All images by Stephanie Lee for RICE Media.
I think it’s fair to say that being a bus captain isn’t exactly what one would call a dream job—at least not in fair Singapore where tech, AI, and Web3 are all the rage. Yet here I am in the middle of Marsiling speaking to a group of 20-somethings who can’t wait to get back behind the wheels of their buses as soon as they’re done with this interview.
“Hearing stories from my bus captain friends back when I was 13 and seeing how they worked gave me a little bit of that push. That was when I knew I would get my bus driver’s licence in the future,” Muhd Naz Farihin explains.
Now 25, his eyes gleam as he tells me how he decided to be a full-time bus driver.
“Now, instead of having the chance to just joyride their buses, I am a full-fledged bus captain who commandeers my own vehicle.”
I’m sitting with Naz in the passenger area of a double-decker bus he operates as a bus captain at A&S Transit. The private bus enterprise offers bus charter services to companies, schools and travel agencies.
A&S Transit is currently home to 90 employees—82 of whom are bus captains. Others in the company take on operations, Human Resources, Business Development, and finance roles. They also own 120 buses stationed across the island, parked at heavy vehicle carparks.
Naz’s double-decker bus is parked at Marsiling Heavy Vehicle Parking. Located close to A&S Transit’s main office in Woodlands, it only takes Naz 15 minutes to get to work since he lives nearby.
It’s also freezing cold on the bus, thanks to the relentless rain. But Naz remains comfortable in his jacket, smiling as he reveals that he’s not just a bus captain. He’s also the Operational Support Officer at A&S Transit, a role that includes managing the company’s fleet of city buses and conducting training sessions for new drivers.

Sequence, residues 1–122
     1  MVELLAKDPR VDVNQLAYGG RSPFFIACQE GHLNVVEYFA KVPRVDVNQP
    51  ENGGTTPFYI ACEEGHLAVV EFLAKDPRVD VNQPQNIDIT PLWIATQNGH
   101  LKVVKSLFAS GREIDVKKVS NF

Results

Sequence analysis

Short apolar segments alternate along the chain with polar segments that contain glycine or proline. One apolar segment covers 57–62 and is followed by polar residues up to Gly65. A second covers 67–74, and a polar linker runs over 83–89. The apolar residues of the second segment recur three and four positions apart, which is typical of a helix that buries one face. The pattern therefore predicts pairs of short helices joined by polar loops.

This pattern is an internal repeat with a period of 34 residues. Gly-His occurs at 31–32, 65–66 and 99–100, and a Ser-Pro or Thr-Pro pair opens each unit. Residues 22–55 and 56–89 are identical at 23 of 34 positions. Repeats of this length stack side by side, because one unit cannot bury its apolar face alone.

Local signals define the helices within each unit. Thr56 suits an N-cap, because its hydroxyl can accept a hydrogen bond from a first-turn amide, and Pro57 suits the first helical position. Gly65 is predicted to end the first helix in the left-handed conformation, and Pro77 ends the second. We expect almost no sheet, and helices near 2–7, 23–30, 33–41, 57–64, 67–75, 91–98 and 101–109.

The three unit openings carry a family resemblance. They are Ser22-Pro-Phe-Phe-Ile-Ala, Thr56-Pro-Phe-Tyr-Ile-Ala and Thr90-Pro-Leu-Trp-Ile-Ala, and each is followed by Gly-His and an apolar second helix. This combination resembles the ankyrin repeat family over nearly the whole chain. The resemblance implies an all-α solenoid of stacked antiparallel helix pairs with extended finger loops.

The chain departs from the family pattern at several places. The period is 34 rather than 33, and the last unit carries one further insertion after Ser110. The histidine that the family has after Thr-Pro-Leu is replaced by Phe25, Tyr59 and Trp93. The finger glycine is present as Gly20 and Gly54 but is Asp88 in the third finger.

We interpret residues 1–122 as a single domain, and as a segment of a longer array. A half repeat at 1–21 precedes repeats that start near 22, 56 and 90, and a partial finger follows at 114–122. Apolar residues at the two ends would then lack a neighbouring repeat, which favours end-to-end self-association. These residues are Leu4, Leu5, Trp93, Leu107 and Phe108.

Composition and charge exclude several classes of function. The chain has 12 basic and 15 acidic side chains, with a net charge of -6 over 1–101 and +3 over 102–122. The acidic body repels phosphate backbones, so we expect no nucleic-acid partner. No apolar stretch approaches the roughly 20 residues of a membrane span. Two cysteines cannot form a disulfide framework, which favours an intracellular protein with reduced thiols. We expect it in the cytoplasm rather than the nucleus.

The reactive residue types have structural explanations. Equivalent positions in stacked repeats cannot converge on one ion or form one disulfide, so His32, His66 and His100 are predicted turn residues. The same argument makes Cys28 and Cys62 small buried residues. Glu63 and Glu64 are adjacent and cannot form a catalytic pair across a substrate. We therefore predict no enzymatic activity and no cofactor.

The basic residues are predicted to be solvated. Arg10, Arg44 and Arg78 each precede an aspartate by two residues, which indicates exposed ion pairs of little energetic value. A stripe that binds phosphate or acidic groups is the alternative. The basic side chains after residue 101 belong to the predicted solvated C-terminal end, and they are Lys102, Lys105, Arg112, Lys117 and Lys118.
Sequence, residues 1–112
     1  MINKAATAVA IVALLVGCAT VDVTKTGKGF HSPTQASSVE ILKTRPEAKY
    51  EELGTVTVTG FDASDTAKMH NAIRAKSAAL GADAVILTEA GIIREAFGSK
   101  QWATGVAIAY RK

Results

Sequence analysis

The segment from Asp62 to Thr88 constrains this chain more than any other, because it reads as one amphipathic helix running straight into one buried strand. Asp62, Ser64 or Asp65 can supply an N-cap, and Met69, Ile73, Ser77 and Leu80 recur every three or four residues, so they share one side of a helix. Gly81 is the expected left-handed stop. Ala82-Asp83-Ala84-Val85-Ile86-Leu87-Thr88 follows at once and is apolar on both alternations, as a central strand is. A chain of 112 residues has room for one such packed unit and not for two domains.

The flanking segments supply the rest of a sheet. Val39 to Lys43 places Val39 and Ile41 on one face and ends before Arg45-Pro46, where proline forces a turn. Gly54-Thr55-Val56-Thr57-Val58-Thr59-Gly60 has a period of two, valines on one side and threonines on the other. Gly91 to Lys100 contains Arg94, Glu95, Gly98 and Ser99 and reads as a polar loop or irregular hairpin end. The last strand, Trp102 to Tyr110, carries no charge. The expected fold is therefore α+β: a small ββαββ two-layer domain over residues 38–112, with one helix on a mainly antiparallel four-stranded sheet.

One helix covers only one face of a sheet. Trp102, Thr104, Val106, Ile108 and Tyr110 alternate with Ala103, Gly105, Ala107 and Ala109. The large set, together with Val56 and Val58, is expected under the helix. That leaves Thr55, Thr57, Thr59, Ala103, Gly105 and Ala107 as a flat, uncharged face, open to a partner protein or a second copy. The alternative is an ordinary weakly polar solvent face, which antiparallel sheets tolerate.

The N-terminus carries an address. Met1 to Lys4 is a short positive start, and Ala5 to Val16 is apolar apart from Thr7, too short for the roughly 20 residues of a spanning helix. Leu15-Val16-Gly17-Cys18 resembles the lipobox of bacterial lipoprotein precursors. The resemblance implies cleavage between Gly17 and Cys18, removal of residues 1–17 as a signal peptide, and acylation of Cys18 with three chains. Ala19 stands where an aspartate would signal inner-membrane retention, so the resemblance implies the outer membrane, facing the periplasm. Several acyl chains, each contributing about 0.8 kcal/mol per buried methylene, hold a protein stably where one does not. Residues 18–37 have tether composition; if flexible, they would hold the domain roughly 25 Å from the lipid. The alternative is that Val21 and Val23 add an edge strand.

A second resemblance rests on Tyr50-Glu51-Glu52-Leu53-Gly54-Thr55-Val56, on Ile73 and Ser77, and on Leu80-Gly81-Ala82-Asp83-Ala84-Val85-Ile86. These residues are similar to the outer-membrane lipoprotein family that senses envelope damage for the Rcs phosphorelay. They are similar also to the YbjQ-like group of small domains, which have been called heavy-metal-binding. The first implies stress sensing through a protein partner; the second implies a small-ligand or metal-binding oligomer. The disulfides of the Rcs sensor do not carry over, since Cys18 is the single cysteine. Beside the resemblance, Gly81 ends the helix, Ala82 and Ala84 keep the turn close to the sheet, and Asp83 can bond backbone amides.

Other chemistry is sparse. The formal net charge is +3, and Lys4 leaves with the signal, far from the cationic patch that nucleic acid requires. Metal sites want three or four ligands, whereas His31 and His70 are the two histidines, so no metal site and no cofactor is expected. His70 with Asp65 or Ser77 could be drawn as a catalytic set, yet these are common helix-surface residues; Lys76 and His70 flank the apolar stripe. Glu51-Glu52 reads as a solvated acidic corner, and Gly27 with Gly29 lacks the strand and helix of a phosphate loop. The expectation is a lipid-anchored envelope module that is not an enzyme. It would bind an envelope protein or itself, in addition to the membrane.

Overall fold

He can take on this additional portfolio because A&S Transit, now owned and managed by Marketing Manager Dexter Ang, gives opportunities to young bus enthusiasts and budding bus drivers such as Naz.
Supporting A Misunderstood Community
36-year-old Dexter inherited A&S Transit from his father, who established it in 1980.
In 2021, A&S Transit acquired a fleet of buses previously owned by SMRT, which were specially modified for the government to transport COVID-19 patients during the initial outbreak in 2020. Now that the pandemic is (more or less) handled, the buses were sold. Dexter tells me it’s rare for public bus models to be acquired by a private bus company.
Soon after the acquisition, Dexter began noticing a surge in bus enthusiasts approaching the company to check out these unique buses. It was unlike anything he’d seen before, despite his 10 years of tenure in the company. He welcomed these young bus fans with open arms.
These bus enthusiasts would often tell Dexter stories about how the public doesn’t seem to understand their hobby.
“One bus fan told me that his friend had been reported to the police because a member of the public thought that the bus fan was a terrorist who was taking photos of buses at the bus interchange.”
“There’s this burgeoning community out there, and no one is supporting them,” Dexter continues. “It’s high time an organisation actually went to support them.”
That’s how the FAST community (Friends of A&S Transit) was born. The group gave bus enthusiasts an official platform to submit photos and even participate in bus tours.
When some of them expressed an interest in driving buses, Dexter was more than happy to bring them on board.
“There’s a severe shortage of bus drivers in our industry. In older industries like these in Singapore, there’s always a very negative perception of the career,” Dexter explains.
He is, of course, referring to the typical notion that becoming a bus driver is an option for the uneducated. It’s common for Singaporean parents to warn their children that they’ll end up as bus drivers if they don’t do well in school.
Perhaps that’s why Dexter feels excited to see the younger generation bucking such stereotypes and choosing to pursue their passion. “I see this as a way the industry is starting to change.”